Durham, NC—Fish oil supplements often are purchased at drugstores in hopes of helping adolescents and young adults control their asthma.

A new study published online by Annals of the American Thoracic Society suggests the remedy might not work, however. Although omega-3 fatty acid (n3PUFA) supplementation has been proposed as a promising antiasthma strategy, the research found that fish oil does not appear to improve asthma 
control in adolescents and young adults who are overweight or obese.

Duke University Hospital–led researchers report that asthma control showed no improvement with 4 grams of fish oil a day for 6 months. Results were measured by a standard asthma-control questionnaire, breathing tests, urgent care visits, and severe asthma exacerbations.

“We don’t know why asthma control in obese patients is more difficult, but there is growing evidence that obesity causes systemic inflammation,” pointed out lead author Jason E. Lang, MD, MPH. “Because the omega-3 fatty acids in fish oil have anti-inflammatory properties, we wanted to test whether fish oil would have therapeutic benefits for these patients.”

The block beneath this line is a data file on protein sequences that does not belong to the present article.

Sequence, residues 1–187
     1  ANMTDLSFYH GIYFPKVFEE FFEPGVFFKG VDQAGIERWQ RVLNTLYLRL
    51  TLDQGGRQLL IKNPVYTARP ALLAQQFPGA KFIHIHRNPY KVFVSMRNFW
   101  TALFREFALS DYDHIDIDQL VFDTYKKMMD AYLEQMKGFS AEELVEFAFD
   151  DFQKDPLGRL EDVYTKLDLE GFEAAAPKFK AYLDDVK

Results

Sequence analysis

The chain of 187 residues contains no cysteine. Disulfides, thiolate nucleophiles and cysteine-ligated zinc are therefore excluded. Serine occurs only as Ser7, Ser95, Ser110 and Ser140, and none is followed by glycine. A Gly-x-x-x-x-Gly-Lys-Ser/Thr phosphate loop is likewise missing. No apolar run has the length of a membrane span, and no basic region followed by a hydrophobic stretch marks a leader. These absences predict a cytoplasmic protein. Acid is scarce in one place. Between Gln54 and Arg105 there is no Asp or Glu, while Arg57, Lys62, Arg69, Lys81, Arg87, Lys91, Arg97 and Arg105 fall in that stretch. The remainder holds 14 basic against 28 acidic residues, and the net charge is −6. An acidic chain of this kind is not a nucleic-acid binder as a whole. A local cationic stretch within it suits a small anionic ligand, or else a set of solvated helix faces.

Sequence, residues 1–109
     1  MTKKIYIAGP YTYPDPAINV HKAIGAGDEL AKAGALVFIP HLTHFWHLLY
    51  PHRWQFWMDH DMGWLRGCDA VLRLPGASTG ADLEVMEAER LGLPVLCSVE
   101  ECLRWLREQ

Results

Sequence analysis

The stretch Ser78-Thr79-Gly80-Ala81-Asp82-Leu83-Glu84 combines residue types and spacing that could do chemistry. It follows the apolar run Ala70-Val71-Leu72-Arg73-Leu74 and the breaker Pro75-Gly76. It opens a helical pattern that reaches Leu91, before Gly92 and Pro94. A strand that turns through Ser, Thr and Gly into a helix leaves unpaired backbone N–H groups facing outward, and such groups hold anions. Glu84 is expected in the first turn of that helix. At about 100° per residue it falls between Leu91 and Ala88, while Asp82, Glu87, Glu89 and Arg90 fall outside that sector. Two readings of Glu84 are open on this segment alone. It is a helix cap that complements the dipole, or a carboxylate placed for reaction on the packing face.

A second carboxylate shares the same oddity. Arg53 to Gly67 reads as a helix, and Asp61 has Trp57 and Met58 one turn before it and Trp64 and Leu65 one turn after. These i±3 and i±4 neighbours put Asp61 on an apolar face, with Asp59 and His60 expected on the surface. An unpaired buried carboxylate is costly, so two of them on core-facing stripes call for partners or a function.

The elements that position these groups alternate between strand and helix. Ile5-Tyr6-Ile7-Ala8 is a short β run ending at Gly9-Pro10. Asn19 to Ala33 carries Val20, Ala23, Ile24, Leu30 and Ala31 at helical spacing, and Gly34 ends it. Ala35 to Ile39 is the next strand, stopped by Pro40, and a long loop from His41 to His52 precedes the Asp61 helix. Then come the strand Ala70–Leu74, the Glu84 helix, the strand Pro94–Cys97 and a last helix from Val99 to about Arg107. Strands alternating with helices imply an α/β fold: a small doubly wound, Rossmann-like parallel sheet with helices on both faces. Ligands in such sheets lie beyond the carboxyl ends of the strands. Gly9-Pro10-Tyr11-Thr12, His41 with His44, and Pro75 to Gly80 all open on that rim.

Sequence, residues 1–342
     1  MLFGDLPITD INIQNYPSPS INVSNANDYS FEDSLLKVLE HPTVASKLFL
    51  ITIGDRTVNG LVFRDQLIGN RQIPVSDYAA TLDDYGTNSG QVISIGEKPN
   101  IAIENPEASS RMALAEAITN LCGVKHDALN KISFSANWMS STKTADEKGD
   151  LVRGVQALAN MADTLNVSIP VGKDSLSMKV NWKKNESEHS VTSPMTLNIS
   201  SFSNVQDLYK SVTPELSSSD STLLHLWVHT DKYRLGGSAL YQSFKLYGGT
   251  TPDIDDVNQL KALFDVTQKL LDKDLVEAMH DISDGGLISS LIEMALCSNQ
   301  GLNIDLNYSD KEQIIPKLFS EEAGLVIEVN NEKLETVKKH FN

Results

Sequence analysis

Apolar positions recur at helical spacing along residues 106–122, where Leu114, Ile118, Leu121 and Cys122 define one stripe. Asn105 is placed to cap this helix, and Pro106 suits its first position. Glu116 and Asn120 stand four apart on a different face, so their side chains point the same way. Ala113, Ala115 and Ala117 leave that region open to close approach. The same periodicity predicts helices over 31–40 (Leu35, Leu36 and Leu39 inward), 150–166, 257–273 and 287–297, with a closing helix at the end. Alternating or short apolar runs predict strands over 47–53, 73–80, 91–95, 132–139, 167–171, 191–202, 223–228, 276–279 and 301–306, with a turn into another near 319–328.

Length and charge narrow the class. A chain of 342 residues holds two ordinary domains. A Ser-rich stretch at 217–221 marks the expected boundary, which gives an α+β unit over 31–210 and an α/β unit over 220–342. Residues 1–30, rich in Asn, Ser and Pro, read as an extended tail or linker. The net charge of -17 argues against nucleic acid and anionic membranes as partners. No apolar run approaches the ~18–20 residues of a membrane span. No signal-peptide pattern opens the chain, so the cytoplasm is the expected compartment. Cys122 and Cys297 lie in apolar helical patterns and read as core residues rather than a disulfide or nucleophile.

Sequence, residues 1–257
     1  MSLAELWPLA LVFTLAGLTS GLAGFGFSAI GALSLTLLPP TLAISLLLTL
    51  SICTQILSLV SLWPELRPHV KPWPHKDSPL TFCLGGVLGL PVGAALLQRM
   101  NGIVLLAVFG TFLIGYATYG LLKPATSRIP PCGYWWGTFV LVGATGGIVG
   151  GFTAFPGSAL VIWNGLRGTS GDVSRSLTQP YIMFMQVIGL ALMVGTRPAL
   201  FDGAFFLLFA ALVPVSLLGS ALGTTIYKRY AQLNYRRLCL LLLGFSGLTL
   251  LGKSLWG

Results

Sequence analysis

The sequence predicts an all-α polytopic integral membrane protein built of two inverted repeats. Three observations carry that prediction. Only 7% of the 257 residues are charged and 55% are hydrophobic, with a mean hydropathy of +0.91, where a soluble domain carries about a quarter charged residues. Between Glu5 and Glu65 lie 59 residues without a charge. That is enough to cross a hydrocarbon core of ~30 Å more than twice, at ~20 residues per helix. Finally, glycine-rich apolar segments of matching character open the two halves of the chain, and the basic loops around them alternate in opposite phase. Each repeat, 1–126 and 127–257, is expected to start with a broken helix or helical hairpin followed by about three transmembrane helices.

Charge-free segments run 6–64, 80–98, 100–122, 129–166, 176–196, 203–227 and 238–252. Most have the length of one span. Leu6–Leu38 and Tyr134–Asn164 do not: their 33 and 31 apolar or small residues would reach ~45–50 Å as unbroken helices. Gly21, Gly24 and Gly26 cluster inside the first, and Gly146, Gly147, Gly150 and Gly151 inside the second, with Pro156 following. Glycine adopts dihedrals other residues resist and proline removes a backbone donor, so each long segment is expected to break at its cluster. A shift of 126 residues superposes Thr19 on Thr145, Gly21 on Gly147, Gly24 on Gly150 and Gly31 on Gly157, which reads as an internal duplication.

The study included 98 overweight/obese participants, about half African-American, who ranged in age from 12 to 25 years; all had an asthma diagnoses but had poor asthma control, despite using a daily inhaled corticosteroid to control their asthma. For every three participants assigned to take fish oil for 25 weeks, one was assigned to take the soy oil placebo.

Also part of the study was an examination of whether a variant in the gene ALOX5 had any influence on the results. While the ALOX5 variant appeared to be linked to leukotriene production, it did not seem to play a role in the effectiveness of fish oil in providing asthma control, according to the results.

Results indicate that n3PUFA treatment increased n3-to-n6PUFA ratio in granulocytes (P = .003) and monocytes (P = .002) but did not affect mean (95% CI) ACQ change at 6 months (n3PUFA: -0.09 (-.09, .10) versus the control group: -0.18 (-.42, .06), P = .58), with similar rates of exacerbations.

“We did not find evidence that n3PUFA use improves most asthma-related outcomes and cannot recommend it as a prevention strategy for overweight/obese patients with asthma,” study authors conclude, although they suggest that larger doses of fish oil over a longer period of time might produce a different result.

Based on the current study, however, Lang added that “there is insufficient evidence for clinicians to suggest to patients with uncontrolled asthma that they should take daily fish oil supplements to help their asthma.”

 « Click here to return to Weekly News Update.